Maintain a flow of 20-40% higher than normal flow and a mean pressure of above 60 to 80 mmHg

Do you not sue systemic hypothermia


List 3 way that retrograde cerebral perfusion may help

Meets the metabolic needs of the brain
maintains brain hypothermic
migrates against the effects of particulate emboli


What is pathophysiology of elevation of pulmonary artery hypotension and systemic hypotension with protamine administration.

Pulmonary vasoconstriction occurs because of non-immunological anaphylactoid reaction

systemic hypotension is usually an inability to transfer blood across the lungs rather then systemic vasodilation

The mediators involved are complement fractions C3A and C5A and thromboxane


What is first response response of severe protamine reaction



How should a patient be managed if they have had a protamine reaction in the past and need another surgery

SInce response is non-allergic in origin, it is safe to administer protamine follow anaphylactoid reaction. Rate can be 2 mg per minute

when a true allergic reaction occurs (likley from histamine) the skin become flushed, the PA/CVP generally are low it's possible that pretreatment with corticosteroids along with a histamine receptor blockage can moderate the response to subsequent protamine administraion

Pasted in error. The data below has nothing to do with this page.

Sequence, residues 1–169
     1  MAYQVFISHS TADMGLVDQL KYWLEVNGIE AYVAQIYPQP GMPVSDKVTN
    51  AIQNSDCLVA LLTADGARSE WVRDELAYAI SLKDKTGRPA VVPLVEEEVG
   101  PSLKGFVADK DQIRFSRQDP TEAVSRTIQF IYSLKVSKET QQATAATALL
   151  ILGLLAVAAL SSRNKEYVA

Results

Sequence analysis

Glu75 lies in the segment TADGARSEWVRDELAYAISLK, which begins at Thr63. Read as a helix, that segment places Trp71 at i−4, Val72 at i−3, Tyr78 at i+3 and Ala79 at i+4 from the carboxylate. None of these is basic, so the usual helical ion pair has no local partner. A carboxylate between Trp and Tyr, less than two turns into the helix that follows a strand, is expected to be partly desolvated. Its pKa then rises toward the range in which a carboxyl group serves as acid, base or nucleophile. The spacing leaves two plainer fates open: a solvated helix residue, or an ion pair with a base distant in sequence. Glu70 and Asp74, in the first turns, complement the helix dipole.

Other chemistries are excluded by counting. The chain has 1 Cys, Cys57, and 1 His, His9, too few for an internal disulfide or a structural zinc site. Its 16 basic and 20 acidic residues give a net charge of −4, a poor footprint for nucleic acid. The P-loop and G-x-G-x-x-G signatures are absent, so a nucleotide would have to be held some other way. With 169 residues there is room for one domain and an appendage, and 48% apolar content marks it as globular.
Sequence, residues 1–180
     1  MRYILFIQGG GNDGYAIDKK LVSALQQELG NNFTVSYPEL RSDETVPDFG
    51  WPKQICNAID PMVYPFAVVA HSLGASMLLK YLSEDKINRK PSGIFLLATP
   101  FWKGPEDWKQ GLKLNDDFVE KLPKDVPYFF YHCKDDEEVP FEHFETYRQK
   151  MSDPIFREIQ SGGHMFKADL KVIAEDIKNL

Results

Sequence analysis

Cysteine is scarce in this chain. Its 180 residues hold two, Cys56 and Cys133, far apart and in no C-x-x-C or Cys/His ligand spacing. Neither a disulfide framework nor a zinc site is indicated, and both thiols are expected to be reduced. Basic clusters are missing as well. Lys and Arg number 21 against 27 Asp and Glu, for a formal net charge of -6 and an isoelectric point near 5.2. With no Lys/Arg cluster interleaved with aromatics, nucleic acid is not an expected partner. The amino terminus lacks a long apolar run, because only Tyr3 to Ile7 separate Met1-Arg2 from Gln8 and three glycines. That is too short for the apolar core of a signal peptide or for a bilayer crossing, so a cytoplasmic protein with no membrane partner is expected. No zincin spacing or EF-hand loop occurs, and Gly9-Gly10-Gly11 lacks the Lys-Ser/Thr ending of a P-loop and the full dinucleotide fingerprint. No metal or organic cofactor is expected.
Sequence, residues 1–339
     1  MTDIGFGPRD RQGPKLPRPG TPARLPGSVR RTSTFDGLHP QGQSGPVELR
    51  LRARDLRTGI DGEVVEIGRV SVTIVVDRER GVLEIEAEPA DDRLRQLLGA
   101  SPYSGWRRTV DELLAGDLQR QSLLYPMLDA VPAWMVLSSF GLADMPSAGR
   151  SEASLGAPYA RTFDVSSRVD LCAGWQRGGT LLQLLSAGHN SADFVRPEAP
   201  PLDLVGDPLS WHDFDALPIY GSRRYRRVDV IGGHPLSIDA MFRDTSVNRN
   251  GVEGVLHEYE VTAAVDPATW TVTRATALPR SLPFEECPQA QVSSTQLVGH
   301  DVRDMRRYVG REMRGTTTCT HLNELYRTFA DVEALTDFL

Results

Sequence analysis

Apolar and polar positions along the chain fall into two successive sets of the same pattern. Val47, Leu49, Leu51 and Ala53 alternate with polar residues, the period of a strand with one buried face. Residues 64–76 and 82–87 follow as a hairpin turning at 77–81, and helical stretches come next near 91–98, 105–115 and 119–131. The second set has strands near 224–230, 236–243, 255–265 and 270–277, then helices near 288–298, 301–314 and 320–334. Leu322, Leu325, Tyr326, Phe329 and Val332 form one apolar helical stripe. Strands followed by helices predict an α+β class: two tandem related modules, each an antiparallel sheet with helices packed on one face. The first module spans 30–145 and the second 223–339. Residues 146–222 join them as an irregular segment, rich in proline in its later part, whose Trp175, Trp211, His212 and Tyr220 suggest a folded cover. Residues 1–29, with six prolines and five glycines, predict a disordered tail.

What are steps when you see massive air in aortic line

stop the pump
open the aorta
establish retrograde cerebral perfusion with cold blood for 15-20 minutes
deair the ascending aorta
close the asecending aorta and reestablish antegrade perfusion
maintain hypothermia at least below 25 degrees
administer barbiturates
complete operation
inform family of gravity of situation


Describe Manougian root enlargement

The incision crosses the annulus through the commissure between the left and noncoronary sinus


Describe Nicks

An oblique incision in the anterior anscending aorta steers inferioly and to the right and crosses the aortic annulus in the middle of the non coroanry sinus and extends for variable distance into the base of the anterior mitral leaflet.


list 3 contraindications to the Ross procedure

Marfan and other collagen disorders
Vavular heart disease secondary to auto-immune or other systemic disorders (AS, RA, ARF, libman-sacks endocarditis)
Anatomical abnormalities on the pulmonic vavle
Poor LV
Multiple valve disease
severe aortic annular dilation


List contraindications to Aortic valve sparing

Annular dilation (> 30mm??)
moderate to severe cusp calcification
multiple fenestrations in the leaflets


List 6 echo findings for ischemic mitral insufficiency

Left ventricle dilation
Left ventricle posterolateral wall motion abnormality
Normal leaflet motion morphology
restricted leaflet motion
plane of coaptation below the annulus
Annuluar dilation
central jet of MR


What are 3 essential anatomic components of myxomatous mitral valve prolapse